One can count it as a missed opportunity that a show with the title “Power! Stokely Carmichael” tells us so little about the life of Stokely Carmichael, who was the activist credited with popularizing the phrases “Black Power” and “institutional racism.”
It is an intriguing life. Carmichael immigrated from South America to New York at age 11, went from honor student to young civil rights leader associated with Dr. Martin Luther King Jr. to self-declared revolutionary, first as “prime minister” of the Black Panther Party then as founder of the All-African People’s Revolutionary Party. He (briefly) married the great African singer Miriam Makeba, changed his name to Kwame Ture, and emigrated to Africa, where he died from cancer at age 57.
Writer and performer Meshaune Labrone tells us virtually none of this in “Power! Stokely Carmichael.” Instead, Labrone — much praised for a previous solo show called “A Right to Remain,” about the life of Tupac Shakur — focuses in “Power! Stokely Carmichael’ on a speech Carmichael gives to demonstrators before the March on Fear in Mississippi in 1966. “If you are out here for an exciting time, you need to go to the movies…There will be blood.” The chairman of the Student Nonviolent Coordinating Committee has come to see King’s main strategy as ineffective, and a sizeable chunk of Labrone’s speechifying is Carmichael’s inveighing against non-violence: “In order for non-violence to work, your opponent has to have a conscience.” Labrone energetically captures Carmichael’s polemical flourishes – “Power is learning. Power is loving. Power is moving, which is why we start with the vote.” Some will find some of Carmichael’s 50-year-old remarks shockingly relevant to the era of Black Lives Matter.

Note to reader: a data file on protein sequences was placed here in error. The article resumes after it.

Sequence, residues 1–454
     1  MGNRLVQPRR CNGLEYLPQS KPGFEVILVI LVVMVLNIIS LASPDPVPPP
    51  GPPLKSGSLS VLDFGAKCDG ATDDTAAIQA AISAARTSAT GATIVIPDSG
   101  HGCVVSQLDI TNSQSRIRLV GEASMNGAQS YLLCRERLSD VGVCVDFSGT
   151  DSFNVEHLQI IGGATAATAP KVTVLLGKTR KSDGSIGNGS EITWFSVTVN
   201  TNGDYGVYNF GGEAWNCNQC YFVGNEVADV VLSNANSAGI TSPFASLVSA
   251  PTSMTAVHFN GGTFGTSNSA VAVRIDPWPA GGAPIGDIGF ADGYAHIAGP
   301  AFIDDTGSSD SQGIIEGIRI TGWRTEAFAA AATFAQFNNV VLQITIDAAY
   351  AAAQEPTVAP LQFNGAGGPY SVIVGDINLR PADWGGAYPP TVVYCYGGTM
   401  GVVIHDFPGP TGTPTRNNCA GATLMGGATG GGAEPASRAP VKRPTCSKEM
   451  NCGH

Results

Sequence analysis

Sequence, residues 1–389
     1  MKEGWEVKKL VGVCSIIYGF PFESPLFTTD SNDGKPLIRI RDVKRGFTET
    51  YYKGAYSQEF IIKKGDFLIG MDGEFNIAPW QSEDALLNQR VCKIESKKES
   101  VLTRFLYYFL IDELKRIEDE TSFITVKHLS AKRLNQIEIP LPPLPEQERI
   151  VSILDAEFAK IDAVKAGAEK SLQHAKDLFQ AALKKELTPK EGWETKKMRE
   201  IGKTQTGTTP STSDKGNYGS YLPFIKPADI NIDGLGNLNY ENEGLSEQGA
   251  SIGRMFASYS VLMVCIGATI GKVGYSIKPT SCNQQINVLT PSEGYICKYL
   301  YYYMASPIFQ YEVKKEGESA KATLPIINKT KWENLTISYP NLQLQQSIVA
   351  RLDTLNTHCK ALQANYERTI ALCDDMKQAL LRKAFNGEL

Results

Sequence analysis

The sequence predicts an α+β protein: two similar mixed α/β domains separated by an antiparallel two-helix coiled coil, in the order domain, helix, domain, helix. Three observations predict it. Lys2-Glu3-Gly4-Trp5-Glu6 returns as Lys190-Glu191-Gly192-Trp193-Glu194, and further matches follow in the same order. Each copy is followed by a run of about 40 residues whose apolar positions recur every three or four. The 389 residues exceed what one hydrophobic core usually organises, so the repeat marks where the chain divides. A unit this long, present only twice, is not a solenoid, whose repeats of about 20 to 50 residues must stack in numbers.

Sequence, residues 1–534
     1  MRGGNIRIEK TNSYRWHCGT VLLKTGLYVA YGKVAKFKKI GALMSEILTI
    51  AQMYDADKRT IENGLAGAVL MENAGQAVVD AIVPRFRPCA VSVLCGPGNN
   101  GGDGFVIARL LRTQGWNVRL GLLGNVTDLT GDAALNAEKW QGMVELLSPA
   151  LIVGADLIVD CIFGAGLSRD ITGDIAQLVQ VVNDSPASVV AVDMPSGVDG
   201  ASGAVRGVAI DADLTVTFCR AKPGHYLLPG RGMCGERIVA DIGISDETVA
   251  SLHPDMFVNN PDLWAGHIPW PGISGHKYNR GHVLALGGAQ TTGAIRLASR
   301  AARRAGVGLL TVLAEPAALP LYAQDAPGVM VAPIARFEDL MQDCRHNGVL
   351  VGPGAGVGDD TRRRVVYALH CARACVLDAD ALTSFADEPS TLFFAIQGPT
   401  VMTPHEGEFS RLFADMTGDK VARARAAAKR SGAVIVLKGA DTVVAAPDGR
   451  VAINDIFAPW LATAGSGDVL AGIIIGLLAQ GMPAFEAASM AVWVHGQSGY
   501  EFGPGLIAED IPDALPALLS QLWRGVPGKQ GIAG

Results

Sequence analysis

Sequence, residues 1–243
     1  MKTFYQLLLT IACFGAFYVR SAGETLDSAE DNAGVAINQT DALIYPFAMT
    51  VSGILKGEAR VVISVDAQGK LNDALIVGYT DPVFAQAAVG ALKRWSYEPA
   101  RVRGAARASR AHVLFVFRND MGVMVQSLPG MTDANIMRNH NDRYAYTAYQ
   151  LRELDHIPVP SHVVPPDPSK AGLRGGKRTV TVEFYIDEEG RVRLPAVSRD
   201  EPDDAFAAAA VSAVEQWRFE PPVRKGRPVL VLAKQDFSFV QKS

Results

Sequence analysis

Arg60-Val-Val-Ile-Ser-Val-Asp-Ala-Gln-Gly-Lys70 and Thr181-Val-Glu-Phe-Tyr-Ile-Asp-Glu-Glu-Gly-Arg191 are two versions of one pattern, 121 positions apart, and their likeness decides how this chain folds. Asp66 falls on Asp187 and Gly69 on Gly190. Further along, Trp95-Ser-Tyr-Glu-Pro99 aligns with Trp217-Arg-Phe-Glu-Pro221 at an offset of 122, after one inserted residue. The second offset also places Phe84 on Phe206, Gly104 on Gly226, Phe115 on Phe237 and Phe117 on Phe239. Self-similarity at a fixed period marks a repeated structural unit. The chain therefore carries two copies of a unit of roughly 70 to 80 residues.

Labrone intersperses Carmichael’s words with those of anonymous characters, presumably fellow marchers, including an old sharecropper who tells a gruesome tale of a long-ago lynching. He also dances like James Brown, mocks upper-class black people, and, in the most baffling moment, brings a member of the audience on stage with him to share an imaginary bottle of champagne.
That moment crystallizes what’s both most impressive and most exasperating about “Power!” Labrone is a technically adept performer: He doesn’t just open the invisible bottle and pour the wine with precision; he also makes the exact pop sound to accompany the bottle opening. But, in a 70-minute play about Stokely Carmichael, shouldn’t there be less bubbly (fewer anonymous characters and extraneous entertainment) and more …Stokely Carmichael – the breadth and evolution of his thought, the details of his life?
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